• O'Callaghan, Jim.
  • O'Connor, James.
  • O'Dea, Willie.
  • O'Donnell, Kieran.
  • O'Donovan, Patrick.
  • O'Dowd, Fergus.
  • O'Gorman, Roderic.
  • O'Sullivan, Christopher.
  • O'Sullivan, Pádraig.
  • Ó Cathasaigh, Marc.
  • Ó Cuív, Éamon.
  • Rabbitte, Anne.
  • Richmond, Neale.
  • Ring, Michael.
  • Shanahan, Matt.
  • Smith, Brendan.
  • Smyth, Ossian.
  • Stanton, David.
  • Varadkar, Leo.

Níl

  • Andrews, Chris.
  • Bacik, Ivana.
  • Barry, Mick.
  • Boyd Barrett, Richard.
  • Buckley, Pat.
  • Carthy, Matt.
  • Collins, Joan.
  • Collins, Michael.
  • Connolly, Catherine.
  • Conway-Walsh, Rose.
  • Cronin, Réada.
  • Crowe, Seán.
  • Cullinane, David.
  • Daly, Pa.
  • Doherty, Pearse.
  • Donnelly, Paul.
  • Ellis, Dessie.
  • Farrell, Mairéad.
  • Fitzmaurice, Michael.
  • Funchion, Kathleen.
  • Gannon, Gary.
  • Gould, Thomas.
  • Guirke, Johnny.
  • Healy-Rae, Danny.
  • Healy-Rae, Michael.
  • Howlin, Brendan.
  • Kenny, Gino.
  • Kenny, Martin.
  • Kerrane, Claire.
  • Mac Lochlainn, Pádraig.
  • MacSharry, Marc.
  • McGrath, Mattie.
  • McNamara, Michael.
  • Mitchell, Denise.
  • Munster, Imelda.
  • Murphy, Catherine.
  • Murphy, Paul.
  • Mythen, Johnny.
  • Nash, Ged.
  • Nolan, Carol.
  • O'Callaghan, Cian.
  • O'Donoghue, Richard.
  • O'Rourke, Darren.
  • Ó Broin, Eoin.
  • Ó Laoghaire, Donnchadh.
  • Ó Murchú, Ruairí.
  • Ó Ríordáin, Aodhán.
  • Ó Snodaigh, Aengus.
  • Pringle, Thomas.
  • Quinlivan, Maurice.
  • Ryan, Patricia.
  • Sherlock, Sean.
  • Shortall, Róisín.
  • Smith, Bríd.
  • Stanley, Brian.
  • Tully, Pauline.
  • Ward, Mark.
  • Wynne, Violet-Anne.

Staon

Tellers: Tá, Deputies Jack Chambers and Brendan Griffin; Níl, Deputies Richard Boyd Barrett and Paul Murphy.
Amendment declared carried.
Deputy Holly Cairns did not vote in this division due to an agreed pairing arrangement with Minister Helen McEntee for the duration of the Minister’s maternity leave.
Question put: "That the motion, as amended, be agreed to."
The Dáil divided: Tá, 75; Níl, 58; Staon, 0.

  • Berry, Cathal.
  • Brophy, Colm.
  • Browne, James.
  • Bruton, Richard.
  • Burke, Colm.
  • Burke, Peter.
  • Butler, Mary.
  • Byrne, Thomas.
  • Cahill, Jackie.
  • Calleary, Dara.
  • Cannon, Ciarán.
  • Carey, Joe.
  • Carroll MacNeill, Jennifer.
  • Chambers, Jack.
  • Collins, Niall.
  • Costello, Patrick.
  • Cowen, Barry.
  • Creed, Michael.
  • Crowe, Cathal.
  • Devlin, Cormac.
  • Dillon, Alan.
  • Donnelly, Stephen.
  • Donohoe, Paschal.
  • Duffy, Francis Noel.
  • Durkan, Bernard J.
  • English, Damien.
  • Farrell, Alan.
  • Feighan, Frankie.
  • Fitzpatrick, Peter.
  • Flaherty, Joe.
  • Flanagan, Charles.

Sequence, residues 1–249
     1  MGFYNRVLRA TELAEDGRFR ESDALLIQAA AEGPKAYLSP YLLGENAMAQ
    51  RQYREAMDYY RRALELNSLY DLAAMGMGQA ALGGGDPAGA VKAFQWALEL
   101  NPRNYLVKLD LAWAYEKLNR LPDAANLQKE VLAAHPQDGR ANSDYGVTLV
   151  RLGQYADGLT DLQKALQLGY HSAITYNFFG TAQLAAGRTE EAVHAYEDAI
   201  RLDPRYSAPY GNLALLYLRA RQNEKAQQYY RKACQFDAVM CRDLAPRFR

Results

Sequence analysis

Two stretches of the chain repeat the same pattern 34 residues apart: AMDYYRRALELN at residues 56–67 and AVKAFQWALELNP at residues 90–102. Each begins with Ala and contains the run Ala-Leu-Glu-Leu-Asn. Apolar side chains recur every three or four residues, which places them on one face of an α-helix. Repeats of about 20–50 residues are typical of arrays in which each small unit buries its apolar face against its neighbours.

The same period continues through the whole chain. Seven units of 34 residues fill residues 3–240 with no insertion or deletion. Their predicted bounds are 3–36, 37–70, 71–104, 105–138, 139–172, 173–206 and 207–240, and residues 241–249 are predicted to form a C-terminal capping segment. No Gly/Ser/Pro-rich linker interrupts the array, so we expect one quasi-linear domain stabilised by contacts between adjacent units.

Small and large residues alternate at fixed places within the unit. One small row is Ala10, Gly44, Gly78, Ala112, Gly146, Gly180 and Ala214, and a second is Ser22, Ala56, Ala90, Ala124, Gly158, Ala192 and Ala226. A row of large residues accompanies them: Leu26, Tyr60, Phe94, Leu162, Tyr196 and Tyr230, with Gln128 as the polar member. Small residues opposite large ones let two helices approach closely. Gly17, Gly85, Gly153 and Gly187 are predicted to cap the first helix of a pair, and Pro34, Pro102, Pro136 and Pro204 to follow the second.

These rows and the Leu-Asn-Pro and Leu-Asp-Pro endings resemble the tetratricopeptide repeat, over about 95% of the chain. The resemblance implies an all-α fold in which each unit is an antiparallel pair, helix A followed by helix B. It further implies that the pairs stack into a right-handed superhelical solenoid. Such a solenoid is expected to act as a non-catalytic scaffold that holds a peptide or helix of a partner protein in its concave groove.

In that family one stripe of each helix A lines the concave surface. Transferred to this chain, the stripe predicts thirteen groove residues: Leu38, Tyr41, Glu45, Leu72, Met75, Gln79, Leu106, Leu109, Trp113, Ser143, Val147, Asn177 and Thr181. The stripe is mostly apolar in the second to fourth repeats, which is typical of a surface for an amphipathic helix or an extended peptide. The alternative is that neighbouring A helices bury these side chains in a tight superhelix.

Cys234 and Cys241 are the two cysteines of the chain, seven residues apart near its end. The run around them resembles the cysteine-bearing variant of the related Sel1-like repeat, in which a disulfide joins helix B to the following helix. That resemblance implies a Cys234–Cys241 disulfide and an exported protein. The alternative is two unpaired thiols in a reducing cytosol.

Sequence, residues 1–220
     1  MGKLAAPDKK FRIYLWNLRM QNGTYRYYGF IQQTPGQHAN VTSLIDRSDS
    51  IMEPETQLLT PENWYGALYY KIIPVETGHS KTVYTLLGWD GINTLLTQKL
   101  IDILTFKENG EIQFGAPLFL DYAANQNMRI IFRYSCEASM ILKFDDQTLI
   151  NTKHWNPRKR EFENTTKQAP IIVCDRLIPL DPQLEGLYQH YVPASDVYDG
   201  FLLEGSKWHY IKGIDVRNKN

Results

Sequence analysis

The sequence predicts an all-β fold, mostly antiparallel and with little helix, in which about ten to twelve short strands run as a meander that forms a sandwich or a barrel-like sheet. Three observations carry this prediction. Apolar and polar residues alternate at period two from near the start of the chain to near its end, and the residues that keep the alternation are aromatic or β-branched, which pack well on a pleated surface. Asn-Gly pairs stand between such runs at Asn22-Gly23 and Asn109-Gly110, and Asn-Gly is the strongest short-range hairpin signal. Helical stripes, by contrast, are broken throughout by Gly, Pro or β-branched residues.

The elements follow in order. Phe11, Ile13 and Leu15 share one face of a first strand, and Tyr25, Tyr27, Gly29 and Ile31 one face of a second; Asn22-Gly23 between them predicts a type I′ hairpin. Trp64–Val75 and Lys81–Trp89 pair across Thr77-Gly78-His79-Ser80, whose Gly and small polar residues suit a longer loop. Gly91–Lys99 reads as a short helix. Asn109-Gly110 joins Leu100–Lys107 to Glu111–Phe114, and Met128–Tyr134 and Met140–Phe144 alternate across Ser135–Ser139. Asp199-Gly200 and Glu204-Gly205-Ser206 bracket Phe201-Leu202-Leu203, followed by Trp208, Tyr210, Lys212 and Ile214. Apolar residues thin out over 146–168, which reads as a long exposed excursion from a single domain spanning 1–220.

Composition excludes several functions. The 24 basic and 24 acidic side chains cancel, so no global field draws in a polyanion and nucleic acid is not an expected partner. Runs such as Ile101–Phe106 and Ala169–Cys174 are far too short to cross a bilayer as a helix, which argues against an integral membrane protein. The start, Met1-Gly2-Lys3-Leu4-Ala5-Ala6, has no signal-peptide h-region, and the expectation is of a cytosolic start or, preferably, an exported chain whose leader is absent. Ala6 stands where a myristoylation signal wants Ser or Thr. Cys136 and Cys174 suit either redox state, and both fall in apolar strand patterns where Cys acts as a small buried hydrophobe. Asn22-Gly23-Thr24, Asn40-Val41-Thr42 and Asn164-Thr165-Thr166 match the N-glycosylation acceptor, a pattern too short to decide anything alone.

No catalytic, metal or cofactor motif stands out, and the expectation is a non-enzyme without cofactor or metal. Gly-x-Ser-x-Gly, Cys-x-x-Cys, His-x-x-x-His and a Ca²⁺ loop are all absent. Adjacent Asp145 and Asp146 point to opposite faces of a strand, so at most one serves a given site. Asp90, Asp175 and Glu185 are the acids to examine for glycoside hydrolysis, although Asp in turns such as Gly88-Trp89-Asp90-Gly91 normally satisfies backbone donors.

• Foley, Norma.
  • Griffin, Brendan.
  • Haughey, Seán.
  • Heydon, Martin.
  • Higgins, Emer.
  • Hourigan, Neasa.
  • Humphreys, Heather.
  • Kehoe, Paul.
  • Lahart, John.
  • Lawless, James.
  • Lowry, Michael.
  • Madigan, Josepha.
  • Martin, Catherine.
  • McAuliffe, Paul.
  • McConalogue, Charlie.
  • McGrath, Michael.
  • McGuinness, John.
  • McHugh, Joe.
  • Moynihan, Aindrias.
  • Moynihan, Michael.
  • Murnane O'Connor, Jennifer.
  • Murphy, Verona.
  • Naughton, Hildegarde.
  • O'Brien, Darragh.
  • O'Brien, Joe.
  • O'Callaghan, Jim.
  • O'Connor, James.
  • O'Dea, Willie.
  • O'Donnell, Kieran.
  • O'Donovan, Patrick.
  • O'Dowd, Fergus.
  • O'Gorman, Roderic.
  • O'Sullivan, Christopher.
  • O'Sullivan, Pádraig.
  • Ó Cathasaigh, Marc.
  • Ó Cuív, Éamon.
  • Rabbitte, Anne.
  • Richmond, Neale.
  • Ring, Michael.
  • Shanahan, Matt.
  • Smith, Brendan.
  • Smyth, Ossian.
  • Stanton, David.
  • Varadkar, Leo.

Níl

  • Andrews, Chris.
  • Bacik, Ivana.
  • Barry, Mick.
  • Boyd Barrett, Richard.
  • Buckley, Pat.
  • Carthy, Matt.
  • Collins, Joan.
  • Collins, Michael.
  • Connolly, Catherine.
  • Conway-Walsh, Rose.
  • Cronin, Réada.
  • Crowe, Seán.
  • Cullinane, David.
  • Daly, Pa.
  • Doherty, Pearse.
  • Donnelly, Paul.
  • Ellis, Dessie.
  • Farrell, Mairéad.
  • Fitzmaurice, Michael.
  • Funchion, Kathleen.
  • Gannon, Gary.
  • Gould, Thomas.
  • Guirke, Johnny.
  • Healy-Rae, Danny.
  • Healy-Rae, Michael.
  • Howlin, Brendan.
  • Kenny, Gino.
  • Kenny, Martin.
  • Kerrane, Claire.
  • Mac Lochlainn, Pádraig.
  • MacSharry, Marc.
  • McGrath, Mattie.
  • McNamara, Michael.
  • Mitchell, Denise.
  • Munster, Imelda.
  • Murphy, Catherine.
  • Murphy, Paul.
  • Mythen, Johnny.
  • Nash, Ged.
  • Nolan, Carol.
  • O'Callaghan, Cian.
  • O'Donoghue, Richard.
  • O'Rourke, Darren.
  • Ó Broin, Eoin.
  • Ó Laoghaire, Donnchadh.
  • Ó Murchú, Ruairí.
  • Ó Ríordáin, Aodhán.
  • Ó Snodaigh, Aengus.
  • Pringle, Thomas.
  • Quinlivan, Maurice.
  • Ryan, Patricia.
  • Sherlock, Sean.
  • Shortall, Róisín.
  • Smith, Bríd.
  • Stanley, Brian.
  • Tully, Pauline.
  • Ward, Mark.
  • Wynne, Violet-Anne.

Staon

Tellers: Tá, Deputies Jack Chambers and Brendan Griffin; Níl, Deputies Richard Boyd Barrett and Paul Murphy.
Question declared carried.
Deputy Holly Cairns did not vote in this division due to an agreed pairing arrangement with Minister Helen McEntee for the duration of the Minister’s maternity leave.
The Dáil adjourned at 10.30 p.m. until 9 a.m. on Thursday, 7 October 2021.